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BrowseAloud Program Helps Visually Impaired, ESL Surf the Web

BY MELANIE WADE –

The Polk County Library in Mena has implemented a new software program on their computers that will assist people with visual impairments, dyslexia, reading difficulties, and English language learners. BrowseAloud is an online tool that will read internet pages to the listener, giving them broader access to resources they may not otherwise be able to take advantage of.

Brenda Miner, Director of Library Services at University of Arkansas Rich Mountain, also oversees the Ouachita Mountains Regional Library, which includes all library branches in Polk and Montgomery Counties. She explained that the Arkansas State Library System had implemented BrowseAloud into their system and when it became available, she felt it would only benefit the local community so she too downloaded the program.

With BrowseAloud, a user can sit down at a library computer, put on a pair of headphones, highlight text on the screen, and listen. Not only does it read the material to you, it can translate it into 40 languages audibly. It can also translate the text into 99 languages that can be printed in written word.

The program also includes an on-screen text magnifier that helps users that have visual impairments. An MP3 generator can convert text to audio files that can be saved on a device, such as a jump drive, for later offline listening. Miner said a key feature is the screen mask, which blocks on-screen clutter, such as ads that line the sides of websites that are often distracting to web viewers. The screen mask allows readers to focus on the text being read.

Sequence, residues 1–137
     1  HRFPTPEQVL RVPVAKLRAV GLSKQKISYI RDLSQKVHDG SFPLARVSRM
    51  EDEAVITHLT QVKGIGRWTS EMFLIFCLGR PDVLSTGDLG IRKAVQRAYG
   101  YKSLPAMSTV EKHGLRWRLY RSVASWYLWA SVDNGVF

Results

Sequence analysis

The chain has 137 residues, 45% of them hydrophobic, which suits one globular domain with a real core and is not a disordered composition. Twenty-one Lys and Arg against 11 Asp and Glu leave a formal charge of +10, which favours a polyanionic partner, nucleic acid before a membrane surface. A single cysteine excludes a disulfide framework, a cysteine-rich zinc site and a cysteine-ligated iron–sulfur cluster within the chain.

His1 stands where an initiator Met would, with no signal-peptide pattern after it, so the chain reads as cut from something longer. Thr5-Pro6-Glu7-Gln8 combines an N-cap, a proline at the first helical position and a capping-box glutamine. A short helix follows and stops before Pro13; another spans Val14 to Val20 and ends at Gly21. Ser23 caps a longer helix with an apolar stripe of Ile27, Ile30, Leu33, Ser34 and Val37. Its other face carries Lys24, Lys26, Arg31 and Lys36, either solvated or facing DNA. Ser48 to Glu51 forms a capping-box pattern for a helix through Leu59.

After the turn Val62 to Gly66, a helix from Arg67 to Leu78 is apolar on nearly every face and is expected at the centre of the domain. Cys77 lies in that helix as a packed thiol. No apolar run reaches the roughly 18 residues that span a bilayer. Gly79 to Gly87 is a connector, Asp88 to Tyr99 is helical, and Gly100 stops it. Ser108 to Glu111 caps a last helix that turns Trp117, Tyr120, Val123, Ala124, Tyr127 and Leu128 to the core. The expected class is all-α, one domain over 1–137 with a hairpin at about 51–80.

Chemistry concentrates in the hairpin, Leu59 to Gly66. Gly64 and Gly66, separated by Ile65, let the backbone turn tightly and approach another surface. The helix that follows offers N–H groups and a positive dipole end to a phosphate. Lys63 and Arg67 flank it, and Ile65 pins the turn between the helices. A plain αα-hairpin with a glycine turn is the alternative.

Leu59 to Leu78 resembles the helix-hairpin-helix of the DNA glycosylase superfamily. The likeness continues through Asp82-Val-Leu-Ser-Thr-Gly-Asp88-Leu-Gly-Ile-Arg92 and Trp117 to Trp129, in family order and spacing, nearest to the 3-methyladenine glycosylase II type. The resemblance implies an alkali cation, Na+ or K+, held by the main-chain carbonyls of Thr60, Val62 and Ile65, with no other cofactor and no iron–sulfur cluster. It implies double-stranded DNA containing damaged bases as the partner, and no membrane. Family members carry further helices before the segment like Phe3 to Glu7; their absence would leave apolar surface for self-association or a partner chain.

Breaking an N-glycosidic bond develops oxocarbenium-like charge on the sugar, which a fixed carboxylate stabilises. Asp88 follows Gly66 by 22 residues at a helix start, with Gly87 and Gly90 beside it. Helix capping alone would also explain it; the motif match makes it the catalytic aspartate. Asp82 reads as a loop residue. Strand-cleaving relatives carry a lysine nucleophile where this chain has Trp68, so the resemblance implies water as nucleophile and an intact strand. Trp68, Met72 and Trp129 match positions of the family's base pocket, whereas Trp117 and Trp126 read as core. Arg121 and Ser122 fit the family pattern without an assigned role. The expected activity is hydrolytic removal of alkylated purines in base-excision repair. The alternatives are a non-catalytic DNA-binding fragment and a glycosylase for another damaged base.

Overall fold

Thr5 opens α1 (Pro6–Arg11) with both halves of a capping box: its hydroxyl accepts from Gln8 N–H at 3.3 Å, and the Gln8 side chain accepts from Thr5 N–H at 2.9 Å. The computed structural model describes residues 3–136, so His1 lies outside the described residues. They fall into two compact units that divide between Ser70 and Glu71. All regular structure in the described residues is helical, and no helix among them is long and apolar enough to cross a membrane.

Miner said the program has been installed on the library computers in Mena and at the Montgomery County Library in Mt. Ida. The Polk County Library plans to purchase new computers soon and will donate the used ones to branch libraries throughout the county. Cove and Hatfield Branch Libraries can expect to soon receive the BrowseAloud program on their computers as well. Miner said that branch libraries at Big Fork, Shady, and Board Camp do not have internet access, just yet, so they will have to wait.

The program downloads are made possible through the Arkansas Library System and a grant from the Institute of Museum and Library Sciences. Miner said the legislation had considered cutting the program from the budget this year, but she is glad they did. “It will expand the services we can offer at our local libraries and I believe there are many people here that will benefit from what BrowseAloud has to offer.”

If you have any questions, or would like to use the BrowseAloud system, visit the Polk County Library in Mena or the Montgomery County Library in Mt. Ida.

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